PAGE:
The approach

Approaching someone of interest can be daunting. What if he/she rejects me? What if they’re taken? These questions will never be revealed unless you build up the confidence to approach.

The approach is extremely important, your attitude and your persona are just some of the factors that determine whether someone will engage in conversation with you, and want to get know you further.

No two women are the same, and what we look for in an approach could differ. However, I believe we could agree collectively that respect and politeness is a common denominator in what we are looking for.

Personally, mannerisms is a must for me, I need to gather from the start that you are respectful. If you Address me with words such as ’oi, yo or a whistle’, I wouldn’t even give you the time of day, as I’ve already formed my opinion on you. At this stage, my name is not known to you, but there are other ways to address me, ’excuse me miss’ ’hi, can I have a few minutes of your time’. This is just examples of course lol.

Moreover, what appeals to me? In all honesty, if you look good, you have my attention, not to sound shallow. However, what follows plays a more significant role. Confidence is so attractive! Don’t overdo it, there’s a thin line between confident and arrogant. Be yourself, don’t put on a façade, we see through this.

A sense of humour? This is a must, you need to be able to make me laugh. Approaching someone can be awkward, so light-hearted banter makes both people involved more relaxed.

Additionally, I believe you should approach someone without expectations.

The person you are approaching may not be interested, maybe in a relationship or simply just doesn’t want to be approached. If you don’t get the response you want, just accept the rejection gracefully, there is plenty more fish in the sea, no one is obliged to want to get to know you further.

To assist me with this post further, I was able to get two women to share their perspective on ’being approached’.

Desiree Simone

I understand that I am a complicated magical creature. I go to bars alone, just to try a new scotch. I’d rather shop online than to ever try on a dress at a store. I can swear like a sailor but talk to your 90-year-old grandmother about the beautiful melodies of Glenn Miller.

And for this reason, I find it interesting that men have such a difficult time approaching me. Maybe I give off a highly confident, unapproachable vibe. Or maybe my RBF is so good that the men who do approach me, go straight to the “Sex Tactic”. You know what I mean. “Love that dress. It’ll look better on my floor!” No seriously, I had that happen.

Whether your approach is subtle or direct, there is a true art to approaching the opposite sex in order to strike up a conversation or even ask them out on a date. Here are some of my personal faves and a few No No’s when it comes to being approached by a guy.

Eye Contact, but no “Stalker Eyes”- When I see a guy lock eyes with me, or even if, on a date, I see that he is really looking at my eyes, it instantly puts me at ease. I want you to look at me and be engaging. But don’t look at me like you’re secretly undressing me in your mind. (Don’t worry though, we know you are!)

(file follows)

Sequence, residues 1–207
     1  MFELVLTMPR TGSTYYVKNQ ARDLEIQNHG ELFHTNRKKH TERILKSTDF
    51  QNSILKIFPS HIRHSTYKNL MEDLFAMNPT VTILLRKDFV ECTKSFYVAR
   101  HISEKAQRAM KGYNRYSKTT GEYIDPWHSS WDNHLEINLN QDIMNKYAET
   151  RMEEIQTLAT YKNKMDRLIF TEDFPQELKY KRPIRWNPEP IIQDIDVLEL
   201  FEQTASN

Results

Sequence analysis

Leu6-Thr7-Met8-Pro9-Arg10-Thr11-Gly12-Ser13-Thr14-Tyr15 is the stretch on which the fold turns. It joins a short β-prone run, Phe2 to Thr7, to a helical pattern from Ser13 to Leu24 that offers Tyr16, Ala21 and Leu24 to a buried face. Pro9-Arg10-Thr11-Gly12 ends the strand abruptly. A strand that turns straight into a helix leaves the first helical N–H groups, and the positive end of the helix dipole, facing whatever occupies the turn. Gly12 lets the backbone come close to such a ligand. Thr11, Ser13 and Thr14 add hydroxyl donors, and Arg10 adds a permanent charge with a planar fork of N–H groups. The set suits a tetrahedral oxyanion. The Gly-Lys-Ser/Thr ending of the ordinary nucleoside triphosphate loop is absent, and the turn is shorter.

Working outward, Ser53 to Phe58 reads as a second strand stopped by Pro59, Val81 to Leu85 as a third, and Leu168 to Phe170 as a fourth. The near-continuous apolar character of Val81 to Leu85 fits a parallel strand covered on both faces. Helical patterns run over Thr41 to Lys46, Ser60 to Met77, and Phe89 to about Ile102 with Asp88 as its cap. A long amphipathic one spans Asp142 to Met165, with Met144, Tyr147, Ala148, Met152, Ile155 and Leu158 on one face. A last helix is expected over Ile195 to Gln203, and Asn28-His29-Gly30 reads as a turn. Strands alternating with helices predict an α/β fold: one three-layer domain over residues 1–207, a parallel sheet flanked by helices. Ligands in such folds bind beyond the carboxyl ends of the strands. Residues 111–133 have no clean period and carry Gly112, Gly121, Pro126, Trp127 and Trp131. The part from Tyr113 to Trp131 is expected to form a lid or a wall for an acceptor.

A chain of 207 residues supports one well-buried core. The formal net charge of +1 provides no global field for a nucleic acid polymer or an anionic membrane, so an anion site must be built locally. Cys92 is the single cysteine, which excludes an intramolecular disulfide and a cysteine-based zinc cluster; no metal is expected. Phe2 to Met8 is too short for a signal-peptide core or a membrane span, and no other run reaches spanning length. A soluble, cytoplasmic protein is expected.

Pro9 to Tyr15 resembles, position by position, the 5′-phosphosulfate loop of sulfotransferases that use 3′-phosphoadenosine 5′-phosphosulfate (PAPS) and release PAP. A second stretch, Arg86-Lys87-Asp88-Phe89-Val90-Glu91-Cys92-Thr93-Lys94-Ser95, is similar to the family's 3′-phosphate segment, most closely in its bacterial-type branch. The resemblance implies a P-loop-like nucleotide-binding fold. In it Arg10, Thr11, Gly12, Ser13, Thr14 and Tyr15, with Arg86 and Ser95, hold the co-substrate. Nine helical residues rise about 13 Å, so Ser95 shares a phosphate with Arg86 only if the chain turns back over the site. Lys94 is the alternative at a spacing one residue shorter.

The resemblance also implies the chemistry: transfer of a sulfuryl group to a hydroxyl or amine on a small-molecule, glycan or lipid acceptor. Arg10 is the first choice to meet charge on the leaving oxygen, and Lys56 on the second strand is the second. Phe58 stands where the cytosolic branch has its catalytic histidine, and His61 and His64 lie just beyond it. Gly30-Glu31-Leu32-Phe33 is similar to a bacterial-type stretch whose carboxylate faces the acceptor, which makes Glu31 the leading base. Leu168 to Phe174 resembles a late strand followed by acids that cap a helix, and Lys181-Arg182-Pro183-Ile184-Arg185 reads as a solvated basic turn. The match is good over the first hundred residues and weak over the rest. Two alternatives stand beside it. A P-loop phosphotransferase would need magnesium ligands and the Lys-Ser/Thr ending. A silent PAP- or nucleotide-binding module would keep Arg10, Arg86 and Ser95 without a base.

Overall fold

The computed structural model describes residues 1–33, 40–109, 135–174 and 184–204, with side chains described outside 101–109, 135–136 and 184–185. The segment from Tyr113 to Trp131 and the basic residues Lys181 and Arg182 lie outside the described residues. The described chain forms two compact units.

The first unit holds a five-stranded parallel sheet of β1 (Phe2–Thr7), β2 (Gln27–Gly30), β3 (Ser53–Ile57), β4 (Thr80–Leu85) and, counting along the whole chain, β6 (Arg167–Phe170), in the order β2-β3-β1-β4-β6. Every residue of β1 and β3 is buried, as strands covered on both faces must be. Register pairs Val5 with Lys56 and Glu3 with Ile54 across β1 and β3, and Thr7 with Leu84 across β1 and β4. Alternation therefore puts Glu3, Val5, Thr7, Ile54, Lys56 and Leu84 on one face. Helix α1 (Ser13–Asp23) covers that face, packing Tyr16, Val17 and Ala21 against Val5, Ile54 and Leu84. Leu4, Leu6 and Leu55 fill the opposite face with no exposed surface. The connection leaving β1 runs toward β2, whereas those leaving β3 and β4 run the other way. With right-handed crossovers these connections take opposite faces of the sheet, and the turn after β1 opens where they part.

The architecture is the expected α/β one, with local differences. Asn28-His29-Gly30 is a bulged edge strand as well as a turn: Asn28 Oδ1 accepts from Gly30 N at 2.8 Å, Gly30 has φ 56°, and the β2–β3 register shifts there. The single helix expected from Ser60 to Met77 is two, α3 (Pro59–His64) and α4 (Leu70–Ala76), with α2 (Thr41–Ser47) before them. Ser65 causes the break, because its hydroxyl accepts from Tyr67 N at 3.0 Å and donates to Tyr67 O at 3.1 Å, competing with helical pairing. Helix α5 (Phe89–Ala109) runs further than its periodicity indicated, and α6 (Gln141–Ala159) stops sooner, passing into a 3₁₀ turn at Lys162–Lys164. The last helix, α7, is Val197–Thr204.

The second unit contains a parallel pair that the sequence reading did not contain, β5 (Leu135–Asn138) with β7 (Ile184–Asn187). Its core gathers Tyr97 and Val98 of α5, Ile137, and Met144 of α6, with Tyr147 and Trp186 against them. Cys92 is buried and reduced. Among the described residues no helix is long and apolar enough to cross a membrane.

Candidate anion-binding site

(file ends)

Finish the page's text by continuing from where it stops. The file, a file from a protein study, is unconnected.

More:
Be Funny vs Sexy- Being sexy with your approach is like eating dinner and starting with the dessert. Instead of going straight to the bedroom talk, why not try making me laugh. There are tons of studies that show that women appreciate a guy who can make her laugh. And why do you think that is? At the end of the day, if you can laugh together, you have a good chance of building something of value, rather than that bar hookup that ends with me deleting your number.

Compliment, Compliment, Compliment- There’s a great Chris Rock comedy special where he talks about what men need versus what women need. And he’s right in that one of the biggest things that women need is compliments. What this means is, we want you to acknowledge us and more than just “Oh, I like your eyes.” Don’t get me wrong, we love that. But if we talk about work and I mention how I was the youngest manager promoted to my current position, you might say something like “Wow. So you really work hard, and it’s paid off!” What that tells me is that you are listening to me, really listening, and you hold value to my work ethic. This, in turn, makes me feel that you are complimenting me as a person, and not just as a chick who you might want to see naked!

So go out there and take charge. Oh, and ladies, the approve can apply to you too. We often make a few mistakes with our approaches, but I think the biggest one we make is thinking that we CAN’T approach guys. So if I could give the best advice for women, just do it already! Buy that coffee for the hot guy who rides his bike to the coffee shop. Ask the guy at the gym what his arm routine is. Finally, talk to the cute tech support guy at work. The approach may be a fail, but an even bigger fail is sitting alone wishing you could have done something!

Kally

When it comes to being approached with romantic intent, I think I prefer to be approached by that person in the same way that they’d approach anyone else. I don’t really like being flirted with by someone I’ve just met, so if they just keep it friendly and try to get to know me a little at first, then I’ll feel more comfortable!